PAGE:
Tender is the Night Foreignness and 'the Other' Quotes
How we cite our quotes: Citations follow this format: (Book.Chapter.Paragraph)
A meeting was arranged and one day Mr. Warren arrived at the clinic with his daughter Nicole, a girl of sixteen (2.3.1).
Talk about becoming a foreigner. Imagine being checked into a Swiss psychiatric clinic when you are sixteen. The clinic is a symbol of both hope and off the hopeless, but always of foreignness. We are almost afraid to look at it, and at the people who undergo treatment there.
But I was gone again by that time – trains and beaches they were all one. That was why he took me traveling but after my second child, my little girl, Topsy, was born everything got dark again (2.10.28).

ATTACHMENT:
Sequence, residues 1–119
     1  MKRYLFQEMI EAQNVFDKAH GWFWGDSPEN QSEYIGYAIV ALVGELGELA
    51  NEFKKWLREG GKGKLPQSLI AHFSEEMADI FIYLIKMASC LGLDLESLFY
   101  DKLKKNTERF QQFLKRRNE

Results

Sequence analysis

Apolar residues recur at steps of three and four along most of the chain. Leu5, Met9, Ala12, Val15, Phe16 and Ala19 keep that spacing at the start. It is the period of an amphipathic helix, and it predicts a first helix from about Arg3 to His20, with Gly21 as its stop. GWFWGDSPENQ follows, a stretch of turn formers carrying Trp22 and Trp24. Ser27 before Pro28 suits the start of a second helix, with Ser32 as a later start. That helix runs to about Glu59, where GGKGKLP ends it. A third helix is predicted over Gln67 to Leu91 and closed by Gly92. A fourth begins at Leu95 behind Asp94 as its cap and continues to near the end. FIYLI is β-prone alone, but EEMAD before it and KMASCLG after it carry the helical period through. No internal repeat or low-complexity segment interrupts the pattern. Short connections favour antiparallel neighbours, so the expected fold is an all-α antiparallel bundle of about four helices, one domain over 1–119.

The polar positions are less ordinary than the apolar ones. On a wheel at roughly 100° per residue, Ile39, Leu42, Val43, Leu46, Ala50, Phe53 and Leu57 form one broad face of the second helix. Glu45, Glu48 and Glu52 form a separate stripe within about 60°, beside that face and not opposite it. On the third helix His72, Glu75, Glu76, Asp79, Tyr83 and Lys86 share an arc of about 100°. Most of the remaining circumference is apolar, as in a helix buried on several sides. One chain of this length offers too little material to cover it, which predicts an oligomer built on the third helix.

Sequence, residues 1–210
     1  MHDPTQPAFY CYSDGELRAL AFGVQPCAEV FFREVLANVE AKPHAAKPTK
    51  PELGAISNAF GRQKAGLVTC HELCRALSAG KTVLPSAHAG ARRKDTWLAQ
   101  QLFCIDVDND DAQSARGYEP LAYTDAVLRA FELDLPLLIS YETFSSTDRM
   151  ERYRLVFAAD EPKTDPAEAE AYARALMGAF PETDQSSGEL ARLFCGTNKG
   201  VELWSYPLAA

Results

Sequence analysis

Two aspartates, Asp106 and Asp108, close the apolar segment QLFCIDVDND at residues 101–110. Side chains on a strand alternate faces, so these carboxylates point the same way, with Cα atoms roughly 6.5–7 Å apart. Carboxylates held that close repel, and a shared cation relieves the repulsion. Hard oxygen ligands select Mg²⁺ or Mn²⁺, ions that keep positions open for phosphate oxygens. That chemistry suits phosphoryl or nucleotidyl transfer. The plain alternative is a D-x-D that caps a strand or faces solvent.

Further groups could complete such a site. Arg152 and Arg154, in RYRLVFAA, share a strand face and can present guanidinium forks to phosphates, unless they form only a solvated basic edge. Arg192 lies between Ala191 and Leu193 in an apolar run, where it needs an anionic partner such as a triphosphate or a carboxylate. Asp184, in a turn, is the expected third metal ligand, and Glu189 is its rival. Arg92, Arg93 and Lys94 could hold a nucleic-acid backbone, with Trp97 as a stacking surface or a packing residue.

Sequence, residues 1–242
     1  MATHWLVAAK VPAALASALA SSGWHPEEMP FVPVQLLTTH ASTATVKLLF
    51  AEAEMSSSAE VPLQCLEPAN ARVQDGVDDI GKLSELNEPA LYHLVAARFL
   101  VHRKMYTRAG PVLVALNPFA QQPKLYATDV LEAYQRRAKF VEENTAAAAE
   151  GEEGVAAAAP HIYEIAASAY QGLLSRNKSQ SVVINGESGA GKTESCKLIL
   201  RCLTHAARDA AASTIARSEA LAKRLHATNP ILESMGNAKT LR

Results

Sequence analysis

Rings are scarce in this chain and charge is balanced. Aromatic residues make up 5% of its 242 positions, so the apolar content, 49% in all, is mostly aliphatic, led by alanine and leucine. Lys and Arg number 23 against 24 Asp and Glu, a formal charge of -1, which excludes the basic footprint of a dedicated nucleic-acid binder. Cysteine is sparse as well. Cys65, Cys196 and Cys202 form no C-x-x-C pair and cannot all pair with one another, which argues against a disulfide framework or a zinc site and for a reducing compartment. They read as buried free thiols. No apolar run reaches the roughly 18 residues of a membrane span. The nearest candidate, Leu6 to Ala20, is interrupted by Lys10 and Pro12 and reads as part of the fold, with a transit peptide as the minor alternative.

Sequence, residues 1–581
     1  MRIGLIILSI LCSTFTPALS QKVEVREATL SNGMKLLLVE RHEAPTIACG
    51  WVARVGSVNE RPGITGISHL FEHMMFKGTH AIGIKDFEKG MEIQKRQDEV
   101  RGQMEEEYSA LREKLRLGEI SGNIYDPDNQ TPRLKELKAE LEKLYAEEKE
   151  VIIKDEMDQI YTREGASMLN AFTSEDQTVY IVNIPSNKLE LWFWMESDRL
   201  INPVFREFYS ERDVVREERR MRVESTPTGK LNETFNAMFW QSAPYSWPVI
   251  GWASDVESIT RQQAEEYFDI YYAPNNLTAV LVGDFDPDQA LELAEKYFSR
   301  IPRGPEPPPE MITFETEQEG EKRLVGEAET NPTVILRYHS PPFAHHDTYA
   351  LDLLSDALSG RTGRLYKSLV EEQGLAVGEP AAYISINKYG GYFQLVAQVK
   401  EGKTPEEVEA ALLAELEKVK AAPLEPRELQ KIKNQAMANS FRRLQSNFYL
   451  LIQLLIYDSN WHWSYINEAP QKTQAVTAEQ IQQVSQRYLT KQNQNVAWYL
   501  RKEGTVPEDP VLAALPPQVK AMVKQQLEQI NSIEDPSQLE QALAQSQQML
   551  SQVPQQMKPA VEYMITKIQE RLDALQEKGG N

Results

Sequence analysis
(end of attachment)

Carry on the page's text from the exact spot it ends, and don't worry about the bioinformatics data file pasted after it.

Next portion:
Travel is often represented in the novel as a cure for Nicole’s illness. She seems to thrive on new places. She even remarks that her "principal interest is in archeology," which is usually a very travel based profession. But travel seems to be of no help here. Why not?
"She is now the wickedest woman in London – whenever I come back to Europe there is a new crop of the wickedest women from London. She’s the very latest – though I believe there is now one other who’s considered almost as wicked" (3.5.72).
We chose this passage because it’s really funny, and also because it shows us something interesting about Tommy. Notice there is no hint of derision when he talks about London, unlike Dick, Nicole, and the others. Maybe that’s because he’s part French, part American, was educated in London, and fought for like almost a dozen different countries. Remember, Tommy has no country. He is the eternal foreigner. Or, he is a citizen of the world – and as such, maybe nobody is foreign to him.